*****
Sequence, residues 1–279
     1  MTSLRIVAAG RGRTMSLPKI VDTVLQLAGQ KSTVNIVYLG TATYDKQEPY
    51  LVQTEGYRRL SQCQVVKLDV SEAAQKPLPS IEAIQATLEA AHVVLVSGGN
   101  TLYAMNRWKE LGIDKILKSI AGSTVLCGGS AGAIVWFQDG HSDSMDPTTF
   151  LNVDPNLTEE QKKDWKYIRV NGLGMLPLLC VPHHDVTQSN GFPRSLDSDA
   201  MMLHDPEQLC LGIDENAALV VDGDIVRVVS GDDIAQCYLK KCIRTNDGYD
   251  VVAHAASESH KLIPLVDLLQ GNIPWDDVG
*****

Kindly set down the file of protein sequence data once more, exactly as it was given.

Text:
Sequence, residues 1–279
     1  MTSLRIVAAG RGRTMSLPKI VDTVLQLAGQ KSTVNIVYLG TATYDKQEPY
    51  LVQTEGYRRL SQCQVVKLDV SEAAQKPLPS IEAIQATLEA AHVVLVSGGN
   101  TLYAMNRWKE LGIDKILKSI AGSTVLCGGS AGAIVWFQDG HSDSMDPTTF
   151  LNVDPNLTEE QKKDWKYIRV NGLGMLPLLC VPHHDVTQSN GFPRSLDSDA
   201  MMLHDPEQLC LGIDENAALV VDGDIVRVVS GDDIAQCYLK KCIRTNDGYD
   251  VVAHAASESH KLIPLVDLLQ GNIPWDDVG